Why One Skilled Nursing Operator is Paying for CNA Training

It’s an industry-wide notion that good workers — not to mention certified nursing assistants (CNAs) — can be hard to come by.

That’s why a United Methodist Retirement Communities (UMRC) location in Chelsea, Mich., is taking extra steps to snag a few good CNAs by paying for their training.

Chelsea Retirement Community is now taking applications for a new pilot program dubbed CNA Career Pathway. The program is aimed at recruiting people who are interested in becoming CNAs during a time when CNAs are hard to keep in skilled nursing, Michelle Baldwin Henderson, vice president of human relations at UMRC, tells Skilled Nursing News.


“Most of the CNAs that come to work with us are using [the job] as a stepping stone,” Henderson says. “They like that experience, but they’re not planning to stay.”

Across the industry, SNFs have gotten a reputation for being a kind of “farm system” where nurses go to get valuable experience and then move on to hospitals or a private practice after a year or two. In a recent LeadingAge study, 62.6% of surveyed long-term care providers said staff turnover was among the top workforce challenges.

Under the new program, five lucky candidates who pass a round of interviews and a background check will be able to enroll in a three-week CNA training program at a local community college or career center. During that time, UMRC would pay their classroom fees upfront in addition to a full-time salary of $10 an hour, Henderson says.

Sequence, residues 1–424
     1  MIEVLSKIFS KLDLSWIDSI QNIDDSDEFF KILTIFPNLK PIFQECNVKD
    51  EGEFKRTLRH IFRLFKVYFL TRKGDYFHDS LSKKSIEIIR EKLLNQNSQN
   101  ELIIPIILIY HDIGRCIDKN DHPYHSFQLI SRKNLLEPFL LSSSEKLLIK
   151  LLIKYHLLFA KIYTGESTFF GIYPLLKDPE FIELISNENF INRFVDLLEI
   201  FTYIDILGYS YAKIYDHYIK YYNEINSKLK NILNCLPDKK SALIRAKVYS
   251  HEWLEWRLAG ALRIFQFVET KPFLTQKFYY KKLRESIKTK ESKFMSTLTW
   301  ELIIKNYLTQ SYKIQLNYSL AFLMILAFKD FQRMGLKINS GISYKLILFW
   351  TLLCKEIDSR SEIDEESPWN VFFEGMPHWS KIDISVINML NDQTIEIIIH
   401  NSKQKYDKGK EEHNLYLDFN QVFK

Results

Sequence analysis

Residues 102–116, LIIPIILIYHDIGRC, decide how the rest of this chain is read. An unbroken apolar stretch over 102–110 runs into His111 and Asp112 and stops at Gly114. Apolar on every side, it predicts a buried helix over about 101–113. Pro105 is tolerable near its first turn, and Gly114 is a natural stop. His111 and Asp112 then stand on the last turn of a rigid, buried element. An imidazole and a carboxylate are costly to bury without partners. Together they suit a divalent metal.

Then, provided they are able to pass the test required to get certification, they’d be hired on to work a part- or full-time shift at the Kresge Skilled Nursing Care Center, which is on the Chelsea Retirement Community campus. Additionally, they’d get a pay raise to the current union rate of $13.85 per hour.

There’s just one condition: Participants would have to sign an agreement to work for UMRC for a year.

“We need CNAs… who are really dedicated to staying and helping build the culture of caring for our residents,” Henderson says.

If the program is successful, it could be repeated or expanded to other UMRC communities.

“We want to follow their path and see how successful they’ve been, for both their own career goals and for the goal of staffing Kresge,” Henderson says. “Then, we’ll reassess it in the first six months to a year.”

Written by Tim Regan

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